Friday, February 10, 2006

Party Animals

The Moose opines on the problems of the party animals.

Much is made of the vision deficit in the Democratic Party. Indeed, the donkey is ill-defined, but he is not alone. The elephant also suffers from a lack of definition.

As the Moose discussed a couple of days ago, the GOP's domestic agenda has run out of steam. In this regard, Bruce Reed makes an important point in the new issue of Blueprint. Reed writes,

"For the first time in nearly a decade, House Republicans are more frightened of the people than of Tom DeLay."

The crux of the 1994 Republican Revolution was a faux populist rebellion against the establishment in D.C. Now, Republicans are the establishment.

This is very disconcerting to the elephant's self-image. For years, the Republican Party and conservatives saw themselves as battling against a liberal elite. Now, they are the elite.

In 2004, Republicans had a foil - a liberal Senator from Massachusetts. Since this is a non-Presidential year, the task of creating a liberal elitist enemy is made that more difficult. That why the RNC Chairman singled out Hillary for attack this past weekend.

While the Republicans fear the people, the Democrats have not yet identified with them. They still seem more comfortable with liberal interest groups than with Main Street. And, once again, Reed makes a salient point,

"The conventional wisdom has it wrong: It's no contradiction for a party to be committed to principle and innovation at the same time. On the contrary, reform is vital for a party's principles to survive."

Over the past few years the Moose has been struck both by the corruption of the Republican domestic agenda and the rejection by the Democrats of the successful Clinton progressive-reformist approach to governing. In recent months, it appears that both parties are engaged in a race to the bottom.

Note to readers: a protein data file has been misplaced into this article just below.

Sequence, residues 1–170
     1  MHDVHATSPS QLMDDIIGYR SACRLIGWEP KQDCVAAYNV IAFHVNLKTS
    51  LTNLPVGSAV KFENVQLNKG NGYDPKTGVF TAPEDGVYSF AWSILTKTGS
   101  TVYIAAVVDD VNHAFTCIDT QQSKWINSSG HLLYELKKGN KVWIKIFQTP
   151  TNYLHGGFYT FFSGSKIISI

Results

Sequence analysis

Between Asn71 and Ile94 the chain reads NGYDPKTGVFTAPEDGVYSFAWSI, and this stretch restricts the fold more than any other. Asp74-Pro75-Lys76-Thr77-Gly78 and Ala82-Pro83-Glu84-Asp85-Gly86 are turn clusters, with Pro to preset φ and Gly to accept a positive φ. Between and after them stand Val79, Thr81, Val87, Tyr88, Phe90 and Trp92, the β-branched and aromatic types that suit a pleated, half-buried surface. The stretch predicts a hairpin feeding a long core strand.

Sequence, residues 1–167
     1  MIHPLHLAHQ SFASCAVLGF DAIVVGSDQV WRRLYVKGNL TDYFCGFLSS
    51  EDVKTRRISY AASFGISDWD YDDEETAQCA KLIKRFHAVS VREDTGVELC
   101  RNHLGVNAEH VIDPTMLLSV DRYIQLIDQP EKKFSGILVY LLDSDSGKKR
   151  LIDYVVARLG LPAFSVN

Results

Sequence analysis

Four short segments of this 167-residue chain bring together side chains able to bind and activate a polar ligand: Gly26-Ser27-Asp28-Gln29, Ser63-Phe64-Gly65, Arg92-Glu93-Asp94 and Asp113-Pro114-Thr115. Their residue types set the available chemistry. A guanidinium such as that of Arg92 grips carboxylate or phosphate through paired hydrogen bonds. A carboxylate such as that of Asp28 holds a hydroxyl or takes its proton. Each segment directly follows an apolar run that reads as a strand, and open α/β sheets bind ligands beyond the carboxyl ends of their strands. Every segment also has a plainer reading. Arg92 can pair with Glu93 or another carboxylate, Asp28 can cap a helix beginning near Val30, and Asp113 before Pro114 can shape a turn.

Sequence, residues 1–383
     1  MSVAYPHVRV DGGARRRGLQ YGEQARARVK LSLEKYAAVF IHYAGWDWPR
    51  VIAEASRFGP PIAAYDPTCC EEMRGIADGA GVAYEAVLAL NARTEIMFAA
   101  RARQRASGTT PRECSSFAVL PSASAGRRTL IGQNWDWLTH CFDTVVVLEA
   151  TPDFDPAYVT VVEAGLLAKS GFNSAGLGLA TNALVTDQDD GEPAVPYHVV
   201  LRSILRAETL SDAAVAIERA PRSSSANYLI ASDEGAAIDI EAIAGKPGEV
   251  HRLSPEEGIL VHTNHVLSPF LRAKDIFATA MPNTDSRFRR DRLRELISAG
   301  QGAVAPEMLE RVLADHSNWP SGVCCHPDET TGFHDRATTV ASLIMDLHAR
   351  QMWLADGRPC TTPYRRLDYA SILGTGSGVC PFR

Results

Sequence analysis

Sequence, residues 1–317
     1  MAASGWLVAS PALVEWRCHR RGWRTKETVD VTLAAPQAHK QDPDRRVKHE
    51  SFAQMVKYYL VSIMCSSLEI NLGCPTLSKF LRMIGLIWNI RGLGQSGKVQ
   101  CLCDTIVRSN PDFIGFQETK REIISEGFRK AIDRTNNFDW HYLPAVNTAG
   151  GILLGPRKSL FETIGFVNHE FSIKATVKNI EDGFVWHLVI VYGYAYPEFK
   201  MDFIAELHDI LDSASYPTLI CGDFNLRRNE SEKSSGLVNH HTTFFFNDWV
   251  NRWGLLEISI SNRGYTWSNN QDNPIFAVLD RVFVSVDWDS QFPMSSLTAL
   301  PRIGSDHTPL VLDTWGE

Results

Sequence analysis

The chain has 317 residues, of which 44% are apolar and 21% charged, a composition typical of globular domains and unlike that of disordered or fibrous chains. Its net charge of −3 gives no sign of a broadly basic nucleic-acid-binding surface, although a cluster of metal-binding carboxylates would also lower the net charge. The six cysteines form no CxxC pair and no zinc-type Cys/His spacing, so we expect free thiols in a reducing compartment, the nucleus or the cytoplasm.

In the near term, the Democrats should be rewarded with electoral gains in November. However, the public is not enamored with neither the elephant nor the donkey. As the New York Times reported the other day, there is a palpable fear in Democratic insider circles that the party will not be able to fully capitalize on Republican missteps.

That concern is warranted as the party exposed all of its weaknesses on national security in the past few months. The only solace that the Democrats can take is that congressional elections may turn on the GOP's misfortunes. However, as the Democrats look to 08, if they don't get their act together on defending the country they may be shut out of the White House for another four years.

On a personal note, the Moose increasingly feels like a fish out of water. He could be either a T.R. Republican or a Scoop Jackson Democrat. Alas, neither party welcomes that faction. The Moose is a socially conservative, hawkish economic progressive - that used to be the profile of a large segment of the Democratic Party. No longer. The donkey is dominated a hyperbolic liberal elite that seeks to purge the party of all those who are not infected with Bush Tourettes Syndrome (BTS). Consequently, the Moose continues to roam in the independent wilderness.

In the long run, it is unclear which party or whether either party will be the beneficiary of the deepening disgust with Washington. But this is clear to the Moose - the party that emerges as the party of security, reform and innovation (in that order) will control the future.

Will it be the donkey or the elephant?
-- Posted at 8:23 AM | Link to this post | Email this post